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Will I Lose Everything If I File Bankruptcy?

One of the biggest myths about bankruptcy is that you will have to give up all of your assets. This is not true, thanks to bankruptcy exemption laws. These laws exempt or protect certain property during the bankruptcy process. In fact, when properly handled and executed, problems with protecting property through exemption, except in the rarest of cases, should almost never arise in a bankruptcy case.

Not only are there federal exemptions that allow people to keep property, Texas has its own generous set of exemptions. Understanding these exemptions may eliminate concerns over losing assets.

Texas Homestead Exemption

In Texas, you can keep a home of any value. However, to be exempt, it must be on 10 acres or less in a city, or on 100 acres or less in the country. Families get an increased exemption of 200 acres or less in the country. Of course, in order to keep the home permanently, you must be able to continue making payments on it.

Texas Motor Vehicle Exemption

In Texas, you can keep one automobile per every licensed driver in the household, regardless of the auto's value. As is the case with a house though, you must be able to continue making payments on an automobile in order to keep it in the long-term.

Texas Personal Property Exemption

This is the exemption that covers the majority of the items you have in your household, from furniture to athletic and sporting equipment to firearms. This exemption also covers livestock and much more.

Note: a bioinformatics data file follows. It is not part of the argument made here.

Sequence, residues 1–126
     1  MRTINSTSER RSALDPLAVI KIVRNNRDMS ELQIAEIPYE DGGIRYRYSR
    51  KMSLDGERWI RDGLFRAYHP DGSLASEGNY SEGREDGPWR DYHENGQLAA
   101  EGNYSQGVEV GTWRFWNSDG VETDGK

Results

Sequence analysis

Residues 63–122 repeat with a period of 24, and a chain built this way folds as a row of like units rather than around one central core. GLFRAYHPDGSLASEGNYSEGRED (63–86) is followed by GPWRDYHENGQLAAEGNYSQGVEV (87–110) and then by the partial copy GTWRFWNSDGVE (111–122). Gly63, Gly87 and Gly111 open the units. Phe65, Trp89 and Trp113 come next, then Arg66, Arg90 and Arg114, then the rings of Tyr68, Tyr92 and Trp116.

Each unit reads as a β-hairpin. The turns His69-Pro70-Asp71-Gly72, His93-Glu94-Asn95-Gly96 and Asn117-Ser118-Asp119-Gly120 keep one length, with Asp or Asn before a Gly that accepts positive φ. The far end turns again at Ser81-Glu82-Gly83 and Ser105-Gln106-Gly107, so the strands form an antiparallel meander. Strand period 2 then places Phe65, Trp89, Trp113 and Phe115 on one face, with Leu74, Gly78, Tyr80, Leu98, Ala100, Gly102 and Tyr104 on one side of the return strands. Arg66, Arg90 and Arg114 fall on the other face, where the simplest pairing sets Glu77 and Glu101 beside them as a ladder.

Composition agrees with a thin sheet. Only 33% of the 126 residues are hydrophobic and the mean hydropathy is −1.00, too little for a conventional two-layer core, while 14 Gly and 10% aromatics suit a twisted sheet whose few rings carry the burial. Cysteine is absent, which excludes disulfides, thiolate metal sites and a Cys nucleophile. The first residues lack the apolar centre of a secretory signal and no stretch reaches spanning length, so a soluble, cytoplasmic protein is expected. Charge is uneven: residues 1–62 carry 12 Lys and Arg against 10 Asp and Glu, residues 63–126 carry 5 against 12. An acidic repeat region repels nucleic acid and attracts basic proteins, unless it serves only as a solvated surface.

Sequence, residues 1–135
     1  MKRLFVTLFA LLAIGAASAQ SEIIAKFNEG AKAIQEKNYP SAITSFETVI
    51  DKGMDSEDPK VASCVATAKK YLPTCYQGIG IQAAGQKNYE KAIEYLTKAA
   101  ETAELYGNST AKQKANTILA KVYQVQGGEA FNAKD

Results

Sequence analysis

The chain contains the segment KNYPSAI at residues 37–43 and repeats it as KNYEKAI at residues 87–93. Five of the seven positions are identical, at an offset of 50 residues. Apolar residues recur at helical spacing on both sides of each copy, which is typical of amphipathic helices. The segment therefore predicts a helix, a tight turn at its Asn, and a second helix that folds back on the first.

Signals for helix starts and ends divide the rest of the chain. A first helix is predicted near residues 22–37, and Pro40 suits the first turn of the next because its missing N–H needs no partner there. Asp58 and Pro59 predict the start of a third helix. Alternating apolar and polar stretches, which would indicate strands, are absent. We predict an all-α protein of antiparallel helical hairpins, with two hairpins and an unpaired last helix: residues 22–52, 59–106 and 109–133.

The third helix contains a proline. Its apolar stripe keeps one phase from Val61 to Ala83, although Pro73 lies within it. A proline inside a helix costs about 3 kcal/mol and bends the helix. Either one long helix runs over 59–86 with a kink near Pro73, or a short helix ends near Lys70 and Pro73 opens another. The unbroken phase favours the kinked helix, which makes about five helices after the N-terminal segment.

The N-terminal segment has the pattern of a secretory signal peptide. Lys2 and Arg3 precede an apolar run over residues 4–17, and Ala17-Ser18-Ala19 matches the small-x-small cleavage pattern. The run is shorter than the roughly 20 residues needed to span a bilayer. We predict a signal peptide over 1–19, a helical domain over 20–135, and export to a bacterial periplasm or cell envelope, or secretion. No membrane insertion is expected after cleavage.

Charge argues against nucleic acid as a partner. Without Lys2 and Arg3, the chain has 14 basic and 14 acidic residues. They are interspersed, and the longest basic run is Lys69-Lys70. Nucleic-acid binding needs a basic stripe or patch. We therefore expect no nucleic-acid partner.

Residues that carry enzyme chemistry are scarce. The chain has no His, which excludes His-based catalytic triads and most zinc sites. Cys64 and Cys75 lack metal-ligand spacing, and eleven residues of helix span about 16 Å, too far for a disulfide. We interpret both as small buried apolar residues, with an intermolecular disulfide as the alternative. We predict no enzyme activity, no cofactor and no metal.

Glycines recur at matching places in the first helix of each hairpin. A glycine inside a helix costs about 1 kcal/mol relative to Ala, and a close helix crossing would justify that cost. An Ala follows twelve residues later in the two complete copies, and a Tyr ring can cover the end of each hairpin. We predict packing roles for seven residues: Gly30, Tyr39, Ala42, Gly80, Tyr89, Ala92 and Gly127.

Chapter 7 Versus Chapter 13

One important factor to be aware of is that there are multiple types of bankruptcy. Chapter 7 is the type that calls for liquidation of assets in order to pay debts. In the rare case when assets are not exempt, a person may be able to file Chapter 13, which does not require the sale of assets and instead allows an individual to create a plan to repay debt.

Exemptions Are Not Automatic

Great care must be taken, first in choosing between federal and state exemptions, and then in handling the exemptions correctly. Additional documentation may need to be submitted, including a homestead declaration. Furthermore, loans may need to be reaffirmed for assets you will continue to make payments on, such as your home.

These matters can be complex, which is why it is important to have an experienced attorney on your side to see that nothing is overlooked. At Wm. Barry Phillips, P.C., our decades of experience mean we are well-versed in exemptions and can help you navigate the bankruptcy process. You can begin with a free consultation.

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